‘Pawn Stars’: One Collector Thought He Hit the Big Bucks with Rare Lewis & Clark Journal

by Matthew Memrick

One man thought he had big bucks coming to him as he tried to sell a rare Lewis & Clark Journal on “Pawn Stars” recently. But what he came away with is still pretty impressive.

Don, the seller, wanted $16,000 for Patrick Gass’s book, titled “Journal of the Voyages and Travels of a Corps of Discovery.” Don had that ballpark amount in his head, and there was no turning back. If you’ve seen “Pawn Stars,” you know that Don’s not going to get that price.

But a three or four $1,000 bills isn’t half bad at all.

A Little History

Don said he bought a box of books from an estate sale. He saw the Lewis & Clark book and thought he struck it rich. He saw Patrick Gass’s name on it. Then, he made a beeline to Rick Harrison’s show in Las Vegas.

As historians learned of their travels, Lewis and Clark became superstars of sorts. Thanks to Gass, of course. The man, who was also an expert carpenter, died in 1870 at age 98.

The men soon learned about Gass’s important role in the Lewis & Clark story. After an appraiser looked it over, she revealed that the man was a Sergeant in the American West expedition. A historian could pick apart other flaws in the Gass journal, but it still is one of the few authentic accounts of the trip.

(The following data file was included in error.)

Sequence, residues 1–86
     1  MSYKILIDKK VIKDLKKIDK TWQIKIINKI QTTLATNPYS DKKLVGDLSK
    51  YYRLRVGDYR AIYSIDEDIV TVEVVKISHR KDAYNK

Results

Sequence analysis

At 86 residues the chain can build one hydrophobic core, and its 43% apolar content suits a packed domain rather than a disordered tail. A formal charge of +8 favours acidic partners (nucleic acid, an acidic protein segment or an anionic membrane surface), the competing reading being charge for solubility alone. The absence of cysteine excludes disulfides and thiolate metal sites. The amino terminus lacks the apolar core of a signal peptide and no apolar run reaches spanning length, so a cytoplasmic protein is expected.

Gass recounted trips along rivers that made for an early version of traveling through America. The men traveled to places like Mandan, N.D., and Idaho’s Clearwater River, and Gass was there to write it all down.

One story involved Gass traveling several miles searching for a waterfall on the Marias River that never existed.

After Gass, Nicholas Biddle’s paraphrase of the captains’ journals outdid that account

The book had a few things going for it. It had original covering and binding despite the spine’s visible wear. Keep in mind, the book is a first-hand account of a pivotal moment in America’s history. Any collector would benefit from the book in a rare book collection.

The downside came with original library stamps and had stained pages, among other issues.

Unfortunately, the book’s wear and tear, along with three library ownership stamps, dropped the value from that initial $16,000. And Don probably knew that coming in.

His book copy, with all its flaws, came in at $7,500.

After Rick and Don started throwing out numbers, Don took $4,200 for the book. The deal worked well because Don ended the segment saying the sale paid for his “expedition” out to the shop and Las Vegas.

‘Pawn Stars’ Dealing

Now, if you know “Pawn Stars,” you’ll learn how Rick sells stuff that finds a way into his possession.

The book was for sale for $7,950 on the shop’s website.